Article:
When TV shows break continuity: The Chuck Cunningham Syndrome

What TV shows have you noticed break continuity, as in a character mysteriously disappearing or acting wildly out of character?

What got me thinking about this was Arrested Development. Attorney Wayne Jarvis has photographic evidence that the Bluths were building in Iraq. As it turns out, the photo is of balls. Tobias’s balls. Tobias the never nude.

On MASH, pshychiatrist Sidney Feeman was originally named Milton.

And Hawkeye, an only child whose mother died when he was a child, wrote in a letter to his father “Say hi to mom and sis.”

What else?

Also on MASH, Col. Blake’s wife’s name was originally “Mildred” before it was changed to “Lorraine”, and then Mildred was recycled as Co. Potter’s wife’s name.

There are tons of examples. The Golden Girls was one of the worst. The continuity was really bad. The Lucy Show once it moved from New York to Los Angeles was probably the worst. It became almost a new show each week. The plots came and went with no connection.

A few I can think of:

On Mary Tyler Moore, Rhoda twice mentions a brother and a sister. And when she gets her own show her sister Debbie, who got married, changed to Brenda and her brother was never mentioned again.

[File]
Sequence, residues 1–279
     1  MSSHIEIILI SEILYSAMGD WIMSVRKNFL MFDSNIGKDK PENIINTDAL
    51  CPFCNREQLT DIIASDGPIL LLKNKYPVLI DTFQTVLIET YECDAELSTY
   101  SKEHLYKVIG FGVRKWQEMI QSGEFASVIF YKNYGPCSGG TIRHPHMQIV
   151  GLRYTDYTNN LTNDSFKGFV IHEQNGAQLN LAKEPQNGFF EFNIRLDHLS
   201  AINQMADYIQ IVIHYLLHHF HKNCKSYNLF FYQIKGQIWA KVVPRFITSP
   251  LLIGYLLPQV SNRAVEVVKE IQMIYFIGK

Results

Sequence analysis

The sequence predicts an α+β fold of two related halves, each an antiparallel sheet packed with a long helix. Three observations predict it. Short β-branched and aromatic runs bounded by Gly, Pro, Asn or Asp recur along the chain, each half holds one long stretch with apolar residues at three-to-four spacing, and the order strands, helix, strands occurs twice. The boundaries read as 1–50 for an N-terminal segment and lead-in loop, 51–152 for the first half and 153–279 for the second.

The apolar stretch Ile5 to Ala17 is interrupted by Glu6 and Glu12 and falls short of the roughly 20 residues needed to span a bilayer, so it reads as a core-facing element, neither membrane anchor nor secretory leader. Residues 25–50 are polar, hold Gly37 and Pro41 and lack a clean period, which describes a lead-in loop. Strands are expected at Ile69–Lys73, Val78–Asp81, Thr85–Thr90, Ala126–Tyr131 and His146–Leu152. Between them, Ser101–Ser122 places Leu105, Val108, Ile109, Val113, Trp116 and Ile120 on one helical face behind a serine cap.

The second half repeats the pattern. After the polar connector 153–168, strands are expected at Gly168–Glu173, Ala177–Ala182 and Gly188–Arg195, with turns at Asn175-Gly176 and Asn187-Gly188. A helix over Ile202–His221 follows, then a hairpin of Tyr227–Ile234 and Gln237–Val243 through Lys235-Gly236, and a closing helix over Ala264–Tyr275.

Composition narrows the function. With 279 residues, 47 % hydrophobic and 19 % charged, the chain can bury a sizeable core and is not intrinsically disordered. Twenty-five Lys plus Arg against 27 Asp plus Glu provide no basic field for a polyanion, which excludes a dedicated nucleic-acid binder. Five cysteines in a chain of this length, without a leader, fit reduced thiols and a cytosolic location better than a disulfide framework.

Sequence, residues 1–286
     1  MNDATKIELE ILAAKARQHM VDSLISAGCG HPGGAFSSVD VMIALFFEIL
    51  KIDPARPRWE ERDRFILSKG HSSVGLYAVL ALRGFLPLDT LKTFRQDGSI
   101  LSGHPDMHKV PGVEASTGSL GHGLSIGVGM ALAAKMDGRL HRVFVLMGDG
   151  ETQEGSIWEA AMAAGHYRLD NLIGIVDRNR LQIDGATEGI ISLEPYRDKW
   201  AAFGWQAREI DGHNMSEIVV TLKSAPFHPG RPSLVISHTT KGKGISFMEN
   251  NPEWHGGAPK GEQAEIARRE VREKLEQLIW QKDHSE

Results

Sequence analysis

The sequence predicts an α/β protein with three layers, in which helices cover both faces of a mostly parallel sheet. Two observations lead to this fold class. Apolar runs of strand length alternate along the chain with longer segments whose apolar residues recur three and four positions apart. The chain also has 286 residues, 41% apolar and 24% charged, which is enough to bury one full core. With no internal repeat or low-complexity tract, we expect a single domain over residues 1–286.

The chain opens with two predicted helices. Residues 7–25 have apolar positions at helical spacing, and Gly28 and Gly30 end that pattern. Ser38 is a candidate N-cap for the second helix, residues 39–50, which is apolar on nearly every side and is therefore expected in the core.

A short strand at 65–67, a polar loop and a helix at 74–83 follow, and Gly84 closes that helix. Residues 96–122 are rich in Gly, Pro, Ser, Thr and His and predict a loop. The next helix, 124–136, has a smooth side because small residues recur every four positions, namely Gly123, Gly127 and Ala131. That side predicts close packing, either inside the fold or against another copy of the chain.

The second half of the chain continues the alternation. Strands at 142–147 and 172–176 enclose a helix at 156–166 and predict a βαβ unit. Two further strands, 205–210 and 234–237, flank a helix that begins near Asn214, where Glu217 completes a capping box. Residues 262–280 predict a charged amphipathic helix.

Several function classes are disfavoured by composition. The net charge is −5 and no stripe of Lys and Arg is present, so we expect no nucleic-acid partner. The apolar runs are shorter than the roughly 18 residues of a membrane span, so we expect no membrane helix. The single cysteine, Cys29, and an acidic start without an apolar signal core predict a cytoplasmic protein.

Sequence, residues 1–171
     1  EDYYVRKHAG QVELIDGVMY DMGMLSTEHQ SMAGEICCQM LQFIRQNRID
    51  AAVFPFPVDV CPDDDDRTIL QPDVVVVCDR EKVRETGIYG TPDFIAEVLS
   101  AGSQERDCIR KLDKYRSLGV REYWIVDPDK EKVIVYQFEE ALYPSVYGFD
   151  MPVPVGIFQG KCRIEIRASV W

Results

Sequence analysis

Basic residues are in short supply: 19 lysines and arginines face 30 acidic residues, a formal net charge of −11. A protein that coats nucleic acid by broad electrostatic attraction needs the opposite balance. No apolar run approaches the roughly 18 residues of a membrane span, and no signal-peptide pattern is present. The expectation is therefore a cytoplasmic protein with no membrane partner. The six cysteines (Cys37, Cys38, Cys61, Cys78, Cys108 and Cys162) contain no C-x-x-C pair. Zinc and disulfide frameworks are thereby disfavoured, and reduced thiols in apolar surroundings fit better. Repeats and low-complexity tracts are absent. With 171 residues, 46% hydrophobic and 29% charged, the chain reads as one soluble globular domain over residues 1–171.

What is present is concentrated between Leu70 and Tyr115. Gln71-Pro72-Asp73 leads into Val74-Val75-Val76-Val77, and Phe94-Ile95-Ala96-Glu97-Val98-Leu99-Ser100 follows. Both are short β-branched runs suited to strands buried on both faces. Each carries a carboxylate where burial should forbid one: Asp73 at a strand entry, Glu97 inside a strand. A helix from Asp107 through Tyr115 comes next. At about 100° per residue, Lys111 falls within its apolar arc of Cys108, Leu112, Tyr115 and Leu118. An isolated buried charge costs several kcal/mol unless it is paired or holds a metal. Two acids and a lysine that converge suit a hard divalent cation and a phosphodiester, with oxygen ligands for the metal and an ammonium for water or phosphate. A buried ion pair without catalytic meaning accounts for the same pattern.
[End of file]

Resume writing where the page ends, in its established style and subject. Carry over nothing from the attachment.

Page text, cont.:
On Seinfeld, George has a brother, but is really portrayed as an only child in a lot of episodes. George’s mother mentions she had to have the “super” call for an ambulance, but George lives in a house. It’s also unclear whether Geroge is Jewish or not. It’s never state he is. His father isn’t but if his mother is, then George is too. So that is kind of left up in the air.

On All In The Family, Mike mentions he has a brother-in-law who is a lawyer, but we never hear about his sister again. Archie has a sister Alma, but in one episode Edith say he has no sister.

Wildly inconsistent makeup on Klingons from TOS, although to their credit they made an effort in future franchise shows of explaining it away.